World's oldest living animal discovered after he is pictured in 1900 photograph
As a photograph it looks fairly unremarkable - a tortoise nibbles at the grass in front of a Boer War prisoner and guard.
But the pictures helps to mark the reptile as the oldest animal on the planet.
Jonathan, the tortoise, is believed to be 176-years-old and was about 70 at the time the black and white picture was taken.
He was photographed during the Boer War around 1900, and his life has spanned eight British monarchs from George IV to Elizabeth II, and 50 prime ministers.
It was taken on the South Atlantic island of St Helena, where Jonathan still lives today, along with five other tortoises David, Speedy, Emma, Fredricka and Myrtle, in a plantation.
This rare picture of a Boer war prisoner snapped on the remote island of St Helena, has shed light on one of the planets oldest living inhabitants Photo: BNPS.CO.UK
Jonathan, the tortoise, still alive today Photo: BNPS.CO.UK
The previous oldest tortoise was widely thought to be Harriet, a giant Galapagos Land tortoise, who died in 2005 aged 175 in Australia.
Despite his old age, locals say he still has the energy to regularly mate with the three younger females.
A spokesman for the island's tourist board said Jonathan is owned by the St Helena government and lives in the specially built plantation on the governor's land.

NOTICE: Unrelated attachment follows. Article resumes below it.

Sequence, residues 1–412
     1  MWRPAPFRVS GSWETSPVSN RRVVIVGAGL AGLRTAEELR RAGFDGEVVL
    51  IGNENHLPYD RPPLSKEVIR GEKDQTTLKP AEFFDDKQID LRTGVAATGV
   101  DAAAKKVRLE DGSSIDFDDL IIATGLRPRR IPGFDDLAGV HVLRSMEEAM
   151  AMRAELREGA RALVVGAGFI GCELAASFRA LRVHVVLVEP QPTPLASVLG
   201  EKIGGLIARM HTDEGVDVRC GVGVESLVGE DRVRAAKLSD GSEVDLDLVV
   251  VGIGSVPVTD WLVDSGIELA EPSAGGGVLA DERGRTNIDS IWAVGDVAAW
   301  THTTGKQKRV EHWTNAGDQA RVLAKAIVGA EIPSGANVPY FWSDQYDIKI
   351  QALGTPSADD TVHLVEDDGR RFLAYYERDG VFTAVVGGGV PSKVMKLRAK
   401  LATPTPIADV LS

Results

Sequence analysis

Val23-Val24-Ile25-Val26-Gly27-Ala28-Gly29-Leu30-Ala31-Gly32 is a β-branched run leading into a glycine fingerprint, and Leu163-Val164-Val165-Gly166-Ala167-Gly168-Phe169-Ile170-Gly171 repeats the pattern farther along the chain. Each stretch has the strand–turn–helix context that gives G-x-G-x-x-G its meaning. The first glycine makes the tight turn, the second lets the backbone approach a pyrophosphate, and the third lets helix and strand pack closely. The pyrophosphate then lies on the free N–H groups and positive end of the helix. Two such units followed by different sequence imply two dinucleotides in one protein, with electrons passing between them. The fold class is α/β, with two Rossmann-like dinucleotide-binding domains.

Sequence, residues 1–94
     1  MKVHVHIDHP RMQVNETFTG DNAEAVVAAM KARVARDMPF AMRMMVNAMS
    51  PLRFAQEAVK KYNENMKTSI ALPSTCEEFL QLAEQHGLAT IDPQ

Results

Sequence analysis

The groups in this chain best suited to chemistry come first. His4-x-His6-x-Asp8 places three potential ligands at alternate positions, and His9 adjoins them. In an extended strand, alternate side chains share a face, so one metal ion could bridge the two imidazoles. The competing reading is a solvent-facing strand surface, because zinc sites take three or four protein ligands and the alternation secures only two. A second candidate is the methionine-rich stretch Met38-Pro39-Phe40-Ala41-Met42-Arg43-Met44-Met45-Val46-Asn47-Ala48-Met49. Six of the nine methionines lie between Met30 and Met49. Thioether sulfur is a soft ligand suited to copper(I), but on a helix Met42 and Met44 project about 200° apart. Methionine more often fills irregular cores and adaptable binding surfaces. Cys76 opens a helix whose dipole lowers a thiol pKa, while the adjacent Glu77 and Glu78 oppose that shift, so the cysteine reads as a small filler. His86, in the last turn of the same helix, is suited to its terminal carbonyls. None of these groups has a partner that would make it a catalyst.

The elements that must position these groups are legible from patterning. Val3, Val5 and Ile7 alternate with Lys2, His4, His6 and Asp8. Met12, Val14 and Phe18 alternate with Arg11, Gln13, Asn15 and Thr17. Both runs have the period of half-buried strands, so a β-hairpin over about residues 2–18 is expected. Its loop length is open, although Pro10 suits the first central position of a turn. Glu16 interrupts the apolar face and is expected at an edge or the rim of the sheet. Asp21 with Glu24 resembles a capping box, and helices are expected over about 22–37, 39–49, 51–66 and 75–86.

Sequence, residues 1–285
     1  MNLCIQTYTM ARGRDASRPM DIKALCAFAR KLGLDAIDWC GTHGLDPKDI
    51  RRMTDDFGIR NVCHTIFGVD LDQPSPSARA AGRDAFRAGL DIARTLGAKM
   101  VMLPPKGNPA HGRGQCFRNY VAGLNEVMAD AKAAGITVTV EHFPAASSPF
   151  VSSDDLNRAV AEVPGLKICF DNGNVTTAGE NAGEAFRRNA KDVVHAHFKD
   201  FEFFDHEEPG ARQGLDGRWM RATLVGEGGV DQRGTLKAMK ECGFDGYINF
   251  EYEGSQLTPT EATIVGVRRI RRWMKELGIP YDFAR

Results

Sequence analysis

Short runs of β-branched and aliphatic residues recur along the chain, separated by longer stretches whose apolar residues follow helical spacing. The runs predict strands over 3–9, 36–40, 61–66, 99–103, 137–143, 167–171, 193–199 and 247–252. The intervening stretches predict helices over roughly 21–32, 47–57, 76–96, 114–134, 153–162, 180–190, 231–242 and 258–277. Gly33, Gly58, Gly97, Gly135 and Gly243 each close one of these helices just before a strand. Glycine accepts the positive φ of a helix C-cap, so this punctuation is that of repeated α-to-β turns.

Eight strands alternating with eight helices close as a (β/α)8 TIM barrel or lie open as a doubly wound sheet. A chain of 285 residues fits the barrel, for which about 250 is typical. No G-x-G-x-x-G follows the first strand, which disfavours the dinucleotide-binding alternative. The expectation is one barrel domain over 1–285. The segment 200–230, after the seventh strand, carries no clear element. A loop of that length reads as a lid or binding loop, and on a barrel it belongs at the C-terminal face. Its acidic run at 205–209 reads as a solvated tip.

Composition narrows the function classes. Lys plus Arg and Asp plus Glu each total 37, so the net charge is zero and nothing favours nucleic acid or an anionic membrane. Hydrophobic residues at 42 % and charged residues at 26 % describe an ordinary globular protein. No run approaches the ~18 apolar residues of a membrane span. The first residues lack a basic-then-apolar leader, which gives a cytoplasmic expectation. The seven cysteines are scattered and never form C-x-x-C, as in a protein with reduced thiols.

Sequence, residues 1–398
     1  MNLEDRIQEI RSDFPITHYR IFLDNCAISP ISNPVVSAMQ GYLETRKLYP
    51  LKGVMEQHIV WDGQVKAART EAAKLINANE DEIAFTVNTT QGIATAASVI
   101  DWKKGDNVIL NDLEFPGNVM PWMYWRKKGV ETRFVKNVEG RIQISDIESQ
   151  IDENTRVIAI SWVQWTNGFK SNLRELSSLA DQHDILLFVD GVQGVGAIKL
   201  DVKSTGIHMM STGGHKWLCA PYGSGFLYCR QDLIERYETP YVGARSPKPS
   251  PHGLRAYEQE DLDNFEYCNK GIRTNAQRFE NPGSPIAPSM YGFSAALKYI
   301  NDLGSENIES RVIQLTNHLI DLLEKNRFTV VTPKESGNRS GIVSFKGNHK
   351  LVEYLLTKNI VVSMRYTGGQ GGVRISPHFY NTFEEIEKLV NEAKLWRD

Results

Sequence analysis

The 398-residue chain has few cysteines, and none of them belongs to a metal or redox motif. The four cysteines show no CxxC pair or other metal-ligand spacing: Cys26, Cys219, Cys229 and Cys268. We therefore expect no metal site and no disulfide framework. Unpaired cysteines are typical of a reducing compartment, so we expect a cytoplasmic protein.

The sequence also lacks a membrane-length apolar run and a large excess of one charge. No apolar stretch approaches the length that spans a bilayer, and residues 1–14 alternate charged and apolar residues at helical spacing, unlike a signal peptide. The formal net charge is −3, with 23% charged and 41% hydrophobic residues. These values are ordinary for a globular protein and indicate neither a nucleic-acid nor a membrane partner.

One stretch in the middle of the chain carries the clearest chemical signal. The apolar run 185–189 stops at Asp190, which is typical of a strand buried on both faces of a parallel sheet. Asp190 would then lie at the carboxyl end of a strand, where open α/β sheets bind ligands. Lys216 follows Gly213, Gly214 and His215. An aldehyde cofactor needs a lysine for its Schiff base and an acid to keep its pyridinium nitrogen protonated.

He said: "Jonathan is the sole survivor of three tortoises that arrived on St Helena Island in 1882.
"He was already mature when he arrived and was at least 50-years-old.
"Therefore his minimum age is 176-years-old. He is the oldest inhabitant on St Helena and is claimed to be the oldest living tortoise in the world.
"He lives in the grounds of Plantation House which is the governor's residence with five other tortoises who are much younger than him.
"Apparently he remained nameless for the most part of his residence in St Helena until he was named by Governor Sir Spencer Davis in the 1930s.
"He feeds on the grass of the main paddock.
"Jonathan is still very active despite his age and adores attention, he is a real poser.
"He seems to be sightless in one eye, but does not let that slow him down."
It is thought Jonathan, from the species Testudinipae cytodira, was brought to St Helena from the Seychelles as a mature adult in 1882.
His remarkable existance has come to light after the photograph was discovered as part of a collection of Boer War images taken by a man named L.A. Innes who had a studio in the British overseas territory's capital Jamestown.
The pictures were recently sold at auction for #4,000 by Andrew Smith and Son auctioneers near Winchester, Hants.
Further investigation by the auctioneers revealed the tortoise in the picture was Jonathan who was still alive.
St Helena has a population of more than 4,200. Its greatest claim to fame came when Napoleon was exiled there in 1815.
He was held prisoner there until his death in 1821 and is buried there.
Another tortoise, Timothy, who was a ship's mascot in the Crimean War, died at his home at Powderham Castle, near Exeter, Devon, in 2004, aged 160. The castle's Rose Garden had been his home since 1935.